BIR projecting weak POGO revenue in 2021


THE Bureau of Internal Revenue (BIR) projected collections of P3.92 billion from Philippine Offshore Gaming Operators (POGOs) in 2021, based on the industry’s weak tax yield in January.

BIR Deputy Commissioner Arnel SD. Guballa said January collections from the embattled industry, which has been exiting the Philippines, amounted to P372 million, down 68.63% from a year earlier.

“The total projection for POGO revenues for taxable year 2021, our projection is P3.92 billion based on January voluntary payments,” Mr. Guballa told the Senate Ways and Means Committee.

“So the (full-year) amount is based on the January actual collection multiplied by 12 months,” he added.

The Senate committee is discussing a bill taxing the industry.


Mr. Guballa said collections dropped in January because most POGOs stopped operating.

“The real reason on this drop in collection is that during the pandemic… most of the POGOs stopped operating, that is one major factor that’s why there was a drop in collection,” he said.

“So there are still some who are paying but nonetheless, their operations are now dramatically smaller,” he added.

The Supreme Court in June also issued a temporary restraining order against a provision of Republic Act No. 11494 or the Bayanihan to Recover as One Act, which imposes 5% franchise tax on the industry.

The high court also stopped the implementation of the BIR’s Revenue Regulations No. 30-2020 and memorandum circulars 102-17 and 078-18, after 14 licensed POGOs questioned the franchise tax.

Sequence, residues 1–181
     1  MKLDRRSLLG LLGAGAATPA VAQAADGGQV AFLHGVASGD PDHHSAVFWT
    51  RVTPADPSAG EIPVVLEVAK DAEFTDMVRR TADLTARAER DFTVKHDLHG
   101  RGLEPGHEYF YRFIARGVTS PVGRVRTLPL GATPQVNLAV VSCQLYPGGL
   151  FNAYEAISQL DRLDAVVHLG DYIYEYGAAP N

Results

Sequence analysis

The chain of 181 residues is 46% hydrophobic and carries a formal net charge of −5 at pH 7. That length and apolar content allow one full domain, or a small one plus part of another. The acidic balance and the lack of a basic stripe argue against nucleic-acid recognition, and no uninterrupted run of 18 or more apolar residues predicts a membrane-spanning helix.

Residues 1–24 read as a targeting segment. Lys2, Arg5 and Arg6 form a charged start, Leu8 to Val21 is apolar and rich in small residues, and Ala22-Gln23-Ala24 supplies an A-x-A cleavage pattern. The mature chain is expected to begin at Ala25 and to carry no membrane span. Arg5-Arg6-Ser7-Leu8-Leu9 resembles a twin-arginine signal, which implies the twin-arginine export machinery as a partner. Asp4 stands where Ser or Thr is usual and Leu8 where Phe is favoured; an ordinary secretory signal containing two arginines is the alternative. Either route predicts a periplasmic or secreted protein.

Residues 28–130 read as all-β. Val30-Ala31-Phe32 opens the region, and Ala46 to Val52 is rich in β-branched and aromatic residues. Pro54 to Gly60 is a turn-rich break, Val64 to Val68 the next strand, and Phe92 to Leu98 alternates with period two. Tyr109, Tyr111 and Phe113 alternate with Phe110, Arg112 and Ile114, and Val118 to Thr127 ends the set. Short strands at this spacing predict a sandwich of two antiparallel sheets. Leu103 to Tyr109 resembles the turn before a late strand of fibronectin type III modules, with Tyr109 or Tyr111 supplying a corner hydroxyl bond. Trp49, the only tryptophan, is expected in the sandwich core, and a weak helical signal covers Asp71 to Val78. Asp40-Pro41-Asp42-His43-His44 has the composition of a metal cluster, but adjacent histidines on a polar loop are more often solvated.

Senate President Pro Tempore Ralph G. Recto in January 2020 filed Senate Bill No. 1295 which seeks to impose a 30% income tax rate and franchise tax equivalent to 5% of gross receipts.

Foreign-based operators are also subject to 30% income tax attributed to game offerings or facilities that are in-country.

Mr. Recto said that the government could collect P65 billion from the industry if the proposed tax measure is passed.

“Of course, it is not my desire to tax them to death. The idea is to nurture them but be able to collect the taxes also at the same time,” he said.

Arnold Ferdinand C. Salvosa, assistant vice-president of the Philippine Amusement and Gaming Corp. licensing department, said the casino industry opposes the 5% franchise tax because it maintains a 97% payout rate leaving them with a margin of 3%.

“When you tax based on gross revenue, actually abonado pa ang casino (the casino is out of pocket)… For example, on a 5% tax on gross, say for a P100 bet, the casino would be taxed P5, while we’re only actually retaining P3,” he said.

“So that’s why the casino industry is really objecting to the tax on gross betting or turnover. The industry will die,” he added. — Vann Marlo M. Villegas


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